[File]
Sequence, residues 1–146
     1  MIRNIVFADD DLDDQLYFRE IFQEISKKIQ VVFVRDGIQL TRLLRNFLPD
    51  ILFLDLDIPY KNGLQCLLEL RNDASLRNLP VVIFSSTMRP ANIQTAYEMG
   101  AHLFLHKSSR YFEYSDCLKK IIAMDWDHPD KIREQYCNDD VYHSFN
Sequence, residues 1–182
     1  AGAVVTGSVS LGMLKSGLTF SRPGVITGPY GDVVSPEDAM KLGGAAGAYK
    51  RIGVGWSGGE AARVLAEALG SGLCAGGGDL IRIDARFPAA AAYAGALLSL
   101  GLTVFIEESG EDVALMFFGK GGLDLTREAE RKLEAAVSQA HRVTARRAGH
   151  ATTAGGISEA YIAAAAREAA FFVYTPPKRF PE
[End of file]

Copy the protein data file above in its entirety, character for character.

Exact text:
Sequence, residues 1–146
     1  MIRNIVFADD DLDDQLYFRE IFQEISKKIQ VVFVRDGIQL TRLLRNFLPD
    51  ILFLDLDIPY KNGLQCLLEL RNDASLRNLP VVIFSSTMRP ANIQTAYEMG
   101  AHLFLHKSSR YFEYSDCLKK IIAMDWDHPD KIREQYCNDD VYHSFN
Sequence, residues 1–182
     1  AGAVVTGSVS LGMLKSGLTF SRPGVITGPY GDVVSPEDAM KLGGAAGAYK
    51  RIGVGWSGGE AARVLAEALG SGLCAGGGDL IRIDARFPAA AAYAGALLSL
   101  GLTVFIEESG EDVALMFFGK GGLDLTREAE RKLEAAVSQA HRVTARRAGH
   151  ATTAGGISEA YIAAAAREAA FFVYTPPKRF PE